In 1869, Ezra Jr. was killed on board his vessel “on his way from New Orleans to Boston while jibing the main sail off the Delaware breakwater.” He had remarried by this time, and was quite well-off, leaving an estate of nearly $12,000, including property in Bridgewater, Massachusetts where he lived. He and his wife had a son, Ellery, who died while still a child.

Lydia Goodspeed’s daughters, Temperance, Merinda, and Lydia, married also. Merinda married, but then soon died, at age 20, “of childbirth fever.” Lydia, the youngest, married a Wellfleet man, Jesse Wiley, in 1853, and was living in the home of her sister Temperance and brother-in-law John Cheever in 1855. Sometime after 1860, Lydia and Jesse left Wellfleet, as many did at the time — and I found them next in Salem, Massachusetts, where Jesse was operating an “oyster saloon.” Shortly after 1880, Jesse died, and the widowed Lydia stayed in Salem until dying in 1897. Of interest: her daughter Sophronia married a member of the Arey family in Salem.

Temperance Goodspeed remained in South Wellfleet. In 1846, she married John Cheever, a mariner from Newburyport, Massachusetts, who grew up with seven siblings. There were many Cheevers in Essex County, Massachusetts, including the famous author, John Cheever. Our Wellfleet John Cheever had previously married another Wellfleet woman, Susannah Daniels. They married late in 1843, and, by June 1844, Susannah died of consumption. She is buried in the Duck Creek Cemetery, her grave inscribed with a typical 19th century gravestone:

 Here lies my body with the throng

Who from this earthly world have gone

My spirit freed from earthly care

Of heaven’s bless’d share a glorious heir

John and Temperance Cheever are living in the home of the neighboring Isaiah Barkers in the 1850 census — the Barkers gave their third son the middle name “Cheever” so the two families must have been close. In 1855, John and Temperance have their own household, and a 2-year-old daughter. John and Temperance had a first child, John, who died when he was 4 days old. A second son, Ezra Newel, born in 1851 is not listed in the 1855 State census, an indication that he died at a young age. Their third child, a girl named Maltime, was born in 1853 and appears in the 1855 census, but not after that, so she may have died very young also. A fourth child, Chester Greenwood Cheever, was born in 1860 and managed to grow up.

John Cheever was a mariner through most of his working life, and in later censuses is listed as a “laborer.” In the 1870 and 1880 censuses, Lydia Goodspeed is living with the Cheevers. Chester, their son, is occupied as a mariner in 1880.

John Cheever is mentioned fondly in the Charles F. Cole memory piece I’ve quoted often. Thanks to Mr. Cole we have a description of John, and a sense of his personality. John fished with Mr. Cole’s father, and was very fat and clumsy, according to the older Mr. Cole. The locals would say that if he fell overboard, he wouldn’t sink because he was very fat.

John Cheever was the janitor of the South Wellfleet Congregational Church where, at Christmas, a tree was placed near the pulpit. Mr. Cole remembers:

John Cheever always acted as Santa Claus, and he would give a rhyme as he distributed the presents, as ‘Here is something round, for Mrs. Betsy Bround. It weighs more than a pound.’ Another gift, for a new un-named baby, ‘ Here’s for the baby without a name, that belongs to Alvin and Elisa Paine.’

Cole describes a funny moment involving John, who usually dozed during the Sunday sermon. One cold winter day, when a visiting preacher used the words “These doors must be opened” John jumped up, thinking he’d been ordered, and opened all the doors, letting in the cold wind!

John Cheever also used his rhyming skill in making a grocery order for Mr. Paine, who was running the South Wellfleet General Store:

Dear Mr. Paine: Please send to me

                One-half pound of your best tea,

                One pound of rice, two loaves of bread,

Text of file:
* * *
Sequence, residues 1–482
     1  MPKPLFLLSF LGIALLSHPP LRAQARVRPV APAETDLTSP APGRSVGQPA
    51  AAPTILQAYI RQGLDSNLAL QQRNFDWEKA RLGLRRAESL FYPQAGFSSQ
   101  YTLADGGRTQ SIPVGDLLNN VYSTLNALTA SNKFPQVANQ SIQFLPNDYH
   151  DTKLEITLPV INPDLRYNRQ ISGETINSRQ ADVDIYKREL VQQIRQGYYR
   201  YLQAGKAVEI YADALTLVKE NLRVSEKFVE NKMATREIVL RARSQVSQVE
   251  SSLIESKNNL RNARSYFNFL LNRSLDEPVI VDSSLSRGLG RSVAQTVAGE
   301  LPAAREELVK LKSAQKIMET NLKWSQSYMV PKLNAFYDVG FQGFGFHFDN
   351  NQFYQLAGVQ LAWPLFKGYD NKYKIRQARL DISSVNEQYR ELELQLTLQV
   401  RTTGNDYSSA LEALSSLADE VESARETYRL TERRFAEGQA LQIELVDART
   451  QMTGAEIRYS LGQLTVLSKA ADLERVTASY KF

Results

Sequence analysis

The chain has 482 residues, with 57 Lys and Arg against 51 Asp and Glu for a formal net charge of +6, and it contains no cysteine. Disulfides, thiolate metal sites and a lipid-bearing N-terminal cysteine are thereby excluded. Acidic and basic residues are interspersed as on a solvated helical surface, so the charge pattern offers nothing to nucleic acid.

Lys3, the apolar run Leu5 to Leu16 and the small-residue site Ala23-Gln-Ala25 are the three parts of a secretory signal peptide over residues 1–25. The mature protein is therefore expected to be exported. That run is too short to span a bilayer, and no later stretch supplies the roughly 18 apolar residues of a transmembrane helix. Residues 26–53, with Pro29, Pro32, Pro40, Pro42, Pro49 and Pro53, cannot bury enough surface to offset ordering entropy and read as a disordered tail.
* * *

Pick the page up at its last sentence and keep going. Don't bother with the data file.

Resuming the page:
Monroe’s tobacco also a head,

And if your team should come along.

                Please leave me a bag of corn.

                Take my eggs if I’m not there.

                Yours Truly, John Cheever, Esq.

 

Mr. Paine and Mr. Cheever served as jurors in Barnstable in 1884, according to a news post. By the 1880s, there are further news posts about Chester visiting his parents, and Lydia Goodspeed coming to town with her daughter Alice to visit her mother. In 1883, the local teacher, Mary Smith of Dover, New Hampshire, was boarding at the Cheever house.

Lydia Wiley Goodspeed died in 1884 after fracturing her hip, living to age 84, quite an accomplishment in the 19th century. Her daughter, Temperance Cheever, died in 1885 of pneumonia at age 68. John Cheever died in 1887 at age 69 of “gangrene of the foot.”

There’s no record of what happened to their home on what became “Old Wharf Road.” Chester may have sold the structure, leaving the cellar hole we have today. Perhaps the house is still standing somewhere else in Wellfleet today.

Chester married in Boston in 1890 — the marriage record names a Lizzie Hall, a waitress, as his wife. He is listed as a bookbinder. Much later, in 1914, I located his death record. He was divorced and in Highland Park, Michigan, where Henry Ford’s automobile plant was located. I like the idea that Chester had moved into a 20th century industry, from mariner to “steel tester.”

So many stories of 19th century South Wellfleet lives from just one cellar hole.

Sources

For evidence of the Goodspeed pension www.fold3.com

History of the Goodspeed Family, Volume 1, W.A. Goodspeed 1874 (on Google Books)

U.S. Federal Census collection at www.ancestry.com

New England Historical and Genealogical Society, online publication of Mass. Vital Statistics

David Kew’s Cape Cod history site: www.capecodhistory.us

Barnstable Patriot (various) online archive: www.sturgislibrary.org

Barnstable County Deeds available at www.barnstablecountydeeds.org

Newspaper account online at www.genealogybank.com.

 

 

 

 

 

Advertisements

About pamticeblog@gmail.com

Family history researcher living in New York City.
This entry was posted in Uncategorized. Bookmark the permalink.

Leave a Reply

Fill in your details below or click an icon to log in:

WordPress.com Logo

You are commenting using your WordPress.com account. Log Out / Change )

Twitter picture

You are commenting using your Twitter account. Log Out / Change )

Facebook photo

You are commenting using your Facebook account. Log Out / Change )

Google+ photo

You are commenting using your Google+ account. Log Out / Change )

Connecting to %s